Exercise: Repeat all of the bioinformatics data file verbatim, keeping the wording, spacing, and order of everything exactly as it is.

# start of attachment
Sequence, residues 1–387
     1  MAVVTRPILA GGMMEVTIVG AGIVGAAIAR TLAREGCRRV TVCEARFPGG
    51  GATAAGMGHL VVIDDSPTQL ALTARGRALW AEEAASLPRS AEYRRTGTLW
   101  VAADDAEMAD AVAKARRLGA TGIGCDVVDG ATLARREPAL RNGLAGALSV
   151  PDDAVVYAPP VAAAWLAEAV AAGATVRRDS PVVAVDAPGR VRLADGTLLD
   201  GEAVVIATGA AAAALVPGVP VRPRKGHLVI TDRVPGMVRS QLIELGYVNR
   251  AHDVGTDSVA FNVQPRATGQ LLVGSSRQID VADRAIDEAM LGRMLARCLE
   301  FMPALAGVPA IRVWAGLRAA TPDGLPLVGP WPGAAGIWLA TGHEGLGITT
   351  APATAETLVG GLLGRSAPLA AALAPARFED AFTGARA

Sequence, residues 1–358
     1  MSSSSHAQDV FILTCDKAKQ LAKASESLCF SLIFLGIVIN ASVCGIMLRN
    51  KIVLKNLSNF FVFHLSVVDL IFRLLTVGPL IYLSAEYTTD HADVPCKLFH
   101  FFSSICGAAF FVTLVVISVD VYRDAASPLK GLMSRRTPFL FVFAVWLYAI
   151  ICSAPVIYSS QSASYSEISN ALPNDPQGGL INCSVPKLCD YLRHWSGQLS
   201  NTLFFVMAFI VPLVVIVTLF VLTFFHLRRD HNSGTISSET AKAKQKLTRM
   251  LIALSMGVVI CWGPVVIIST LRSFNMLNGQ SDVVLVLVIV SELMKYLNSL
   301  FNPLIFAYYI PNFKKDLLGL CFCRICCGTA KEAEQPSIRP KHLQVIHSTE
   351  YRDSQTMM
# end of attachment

Sequence, residues 1–387
     1  MAVVTRPILA GGMMEVTIVG AGIVGAAIAR TLAREGCRRV TVCEARFPGG
    51  GATAAGMGHL VVIDDSPTQL ALTARGRALW AEEAASLPRS AEYRRTGTLW
   101  VAADDAEMAD AVAKARRLGA TGIGCDVVDG ATLARREPAL RNGLAGALSV
   151  PDDAVVYAPP VAAAWLAEAV AAGATVRRDS PVVAVDAPGR VRLADGTLLD
   201  GEAVVIATGA AAAALVPGVP VRPRKGHLVI TDRVPGMVRS QLIELGYVNR
   251  AHDVGTDSVA FNVQPRATGQ LLVGSSRQID VADRAIDEAM LGRMLARCLE
   301  FMPALAGVPA IRVWAGLRAA TPDGLPLVGP WPGAAGIWLA TGHEGLGITT
   351  APATAETLVG GLLGRSAPLA AALAPARFED AFTGARA

Sequence, residues 1–358
     1  MSSSSHAQDV FILTCDKAKQ LAKASESLCF SLIFLGIVIN ASVCGIMLRN
    51  KIVLKNLSNF FVFHLSVVDL IFRLLTVGPL IYLSAEYTTD HADVPCKLFH
   101  FFSSICGAAF FVTLVVISVD VYRDAASPLK GLMSRRTPFL FVFAVWLYAI
   151  ICSAPVIYSS QSASYSEISN ALPNDPQGGL INCSVPKLCD YLRHWSGQLS
   201  NTLFFVMAFI VPLVVIVTLF VLTFFHLRRD HNSGTISSET AKAKQKLTRM
   251  LIALSMGVVI CWGPVVIIST LRSFNMLNGQ SDVVLVLVIV SELMKYLNSL
   301  FNPLIFAYYI PNFKKDLLGL CFCRICCGTA KEAEQPSIRP KHLQVIHSTE
   351  YRDSQTMM